Xiaomi is getting an infusion of cash to ward off its local rivals.
After a slow 2015, Xiaomi bounced back last year to record $1 billion in revenue from India. The numbers highlighted a particularly profitable fourth quarter for Xiaomi — occurring around the time of demonitisation, during which a major chunk of high-denomination notes were devalued. The company’s Redmi Note 3 turned out to be one of the best-selling devices of the year, and its successor, the Redmi Note 4, is continuing that momentum.
Xiaomi also opened its second manufacturing facility in India, and is now churning out a phone every second. The goal for the Chinese manufacturer is to solidify its footing in the Indian market, a task that’s getting considerably harder owing to the increased competition in this segment. Xiaomi’s local rivals OPPO and Vivo continue to steadily gain ground in India, and by targeting the same segment and selling their products at thousands of retail stores, they’ve managed to rise through the ranks in a relatively short time.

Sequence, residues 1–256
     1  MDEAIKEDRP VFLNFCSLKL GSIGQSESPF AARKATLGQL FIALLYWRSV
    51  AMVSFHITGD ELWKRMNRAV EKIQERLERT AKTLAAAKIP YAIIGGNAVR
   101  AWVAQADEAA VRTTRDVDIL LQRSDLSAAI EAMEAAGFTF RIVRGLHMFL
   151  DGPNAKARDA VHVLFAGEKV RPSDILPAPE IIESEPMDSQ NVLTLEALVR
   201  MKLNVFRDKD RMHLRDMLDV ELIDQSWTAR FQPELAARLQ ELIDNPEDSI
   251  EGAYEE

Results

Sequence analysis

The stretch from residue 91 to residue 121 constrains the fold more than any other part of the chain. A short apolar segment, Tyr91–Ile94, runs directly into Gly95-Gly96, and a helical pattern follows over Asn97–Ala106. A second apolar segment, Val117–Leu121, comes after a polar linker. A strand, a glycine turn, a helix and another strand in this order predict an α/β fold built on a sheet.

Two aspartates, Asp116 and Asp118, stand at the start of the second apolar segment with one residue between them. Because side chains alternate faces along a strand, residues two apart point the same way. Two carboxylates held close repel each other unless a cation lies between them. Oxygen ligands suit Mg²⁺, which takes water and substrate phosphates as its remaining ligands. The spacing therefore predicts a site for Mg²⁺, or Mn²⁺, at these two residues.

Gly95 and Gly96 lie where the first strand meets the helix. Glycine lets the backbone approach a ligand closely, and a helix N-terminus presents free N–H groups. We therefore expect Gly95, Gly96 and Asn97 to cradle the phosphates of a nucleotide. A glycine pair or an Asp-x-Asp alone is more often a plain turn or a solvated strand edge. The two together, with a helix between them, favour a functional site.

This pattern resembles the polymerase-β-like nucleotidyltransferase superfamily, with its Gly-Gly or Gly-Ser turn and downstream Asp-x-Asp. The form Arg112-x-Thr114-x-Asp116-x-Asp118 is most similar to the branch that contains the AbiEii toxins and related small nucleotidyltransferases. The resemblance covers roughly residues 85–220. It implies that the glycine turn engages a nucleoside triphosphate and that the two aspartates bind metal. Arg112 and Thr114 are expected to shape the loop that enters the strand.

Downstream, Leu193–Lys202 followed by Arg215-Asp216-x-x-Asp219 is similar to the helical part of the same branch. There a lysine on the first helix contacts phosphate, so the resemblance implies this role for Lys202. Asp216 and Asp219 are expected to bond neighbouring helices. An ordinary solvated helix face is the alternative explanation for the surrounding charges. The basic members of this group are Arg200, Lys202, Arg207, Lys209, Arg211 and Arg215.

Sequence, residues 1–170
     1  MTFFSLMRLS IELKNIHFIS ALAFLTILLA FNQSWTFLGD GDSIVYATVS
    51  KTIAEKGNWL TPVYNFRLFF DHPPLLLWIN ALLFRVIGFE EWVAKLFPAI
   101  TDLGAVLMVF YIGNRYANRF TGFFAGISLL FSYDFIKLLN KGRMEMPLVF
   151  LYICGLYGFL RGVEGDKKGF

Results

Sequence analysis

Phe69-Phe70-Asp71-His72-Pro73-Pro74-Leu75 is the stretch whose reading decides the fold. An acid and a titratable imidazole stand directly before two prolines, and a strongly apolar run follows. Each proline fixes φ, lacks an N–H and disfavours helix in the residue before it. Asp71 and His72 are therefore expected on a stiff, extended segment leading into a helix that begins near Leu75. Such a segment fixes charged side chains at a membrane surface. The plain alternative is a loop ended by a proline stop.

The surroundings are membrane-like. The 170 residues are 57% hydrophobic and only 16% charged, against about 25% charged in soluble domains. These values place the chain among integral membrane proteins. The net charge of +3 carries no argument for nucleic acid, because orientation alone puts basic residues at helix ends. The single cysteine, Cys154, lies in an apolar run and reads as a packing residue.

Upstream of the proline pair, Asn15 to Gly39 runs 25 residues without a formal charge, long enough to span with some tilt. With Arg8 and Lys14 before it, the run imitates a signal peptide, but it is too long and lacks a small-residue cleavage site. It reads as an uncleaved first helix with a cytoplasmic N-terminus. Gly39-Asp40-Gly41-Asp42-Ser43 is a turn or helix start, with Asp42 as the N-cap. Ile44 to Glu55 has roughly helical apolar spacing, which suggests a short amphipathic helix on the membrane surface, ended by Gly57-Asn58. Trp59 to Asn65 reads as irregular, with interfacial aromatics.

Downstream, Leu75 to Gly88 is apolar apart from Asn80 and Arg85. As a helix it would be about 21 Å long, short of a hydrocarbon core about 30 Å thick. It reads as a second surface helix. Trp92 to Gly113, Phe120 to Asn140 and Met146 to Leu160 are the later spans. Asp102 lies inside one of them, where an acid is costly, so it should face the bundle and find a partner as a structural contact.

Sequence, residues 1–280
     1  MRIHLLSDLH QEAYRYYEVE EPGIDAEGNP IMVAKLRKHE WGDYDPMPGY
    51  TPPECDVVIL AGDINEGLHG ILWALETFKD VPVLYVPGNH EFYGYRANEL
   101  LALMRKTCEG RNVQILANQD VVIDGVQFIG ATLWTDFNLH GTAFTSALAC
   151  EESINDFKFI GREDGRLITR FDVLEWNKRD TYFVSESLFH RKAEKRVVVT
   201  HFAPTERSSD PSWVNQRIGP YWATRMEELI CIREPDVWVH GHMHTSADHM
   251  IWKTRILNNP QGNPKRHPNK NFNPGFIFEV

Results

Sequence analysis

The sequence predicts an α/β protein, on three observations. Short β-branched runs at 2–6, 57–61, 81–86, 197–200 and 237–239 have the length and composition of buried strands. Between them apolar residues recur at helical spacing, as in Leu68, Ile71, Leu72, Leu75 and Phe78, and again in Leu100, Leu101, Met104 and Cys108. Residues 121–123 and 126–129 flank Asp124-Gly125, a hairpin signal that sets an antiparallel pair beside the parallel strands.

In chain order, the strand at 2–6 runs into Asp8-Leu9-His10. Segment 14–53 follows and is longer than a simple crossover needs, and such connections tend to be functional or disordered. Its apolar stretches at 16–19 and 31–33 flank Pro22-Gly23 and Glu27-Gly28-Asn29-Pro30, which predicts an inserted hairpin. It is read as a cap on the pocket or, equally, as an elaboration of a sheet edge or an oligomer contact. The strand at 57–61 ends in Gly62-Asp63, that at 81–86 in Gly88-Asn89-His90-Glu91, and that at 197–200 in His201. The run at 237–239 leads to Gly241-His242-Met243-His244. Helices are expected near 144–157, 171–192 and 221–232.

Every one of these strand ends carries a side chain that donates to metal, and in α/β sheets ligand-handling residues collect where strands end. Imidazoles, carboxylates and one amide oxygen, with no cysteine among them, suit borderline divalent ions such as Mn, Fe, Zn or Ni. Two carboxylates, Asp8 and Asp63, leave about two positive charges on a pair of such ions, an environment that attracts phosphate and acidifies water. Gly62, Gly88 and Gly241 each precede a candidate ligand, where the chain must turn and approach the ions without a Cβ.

Xiaomi has learned from its mistakes in China.
Xiaomi saw a healthy 15.3% growth in the fourth quarter, edging past Lenovo to become the second-largest vendor for the three months ending in December 31. But with OPPO and Vivo making inroads into tier 2 and tier 3 cities and aggressively marketing their products, Xiaomi doesn’t want the situation in India to play out the same way as it did in China.
To that effect, Xiaomi CEO Lei Jun has announced that the company would be investing $500 million in its Indian unit over the next three to five years. On a visit to India that included meeting Prime Minister Narendra Modi and reaffirming the company’s commitment to the Make in India initiative, Jun said that Xiaomi was willing to take “controlled risks” in the country:
In the next two years we want more and more influence in India. We want to take more risks in India. But we want to take controlled risks.
Xiaomi’s failure to focus on the offline segment in its home market allowed its rivals to gain much-needed momentum, but the company isn’t repeating its mistakes in India. The Redmi Note 4 is going up for sale at thousands of offline retailers, and with the second factory up and running, Xiaomi is finally in a position to meet the ravenous demand for its devices. Whether it’ll be able to sustain that demand is another matter altogether.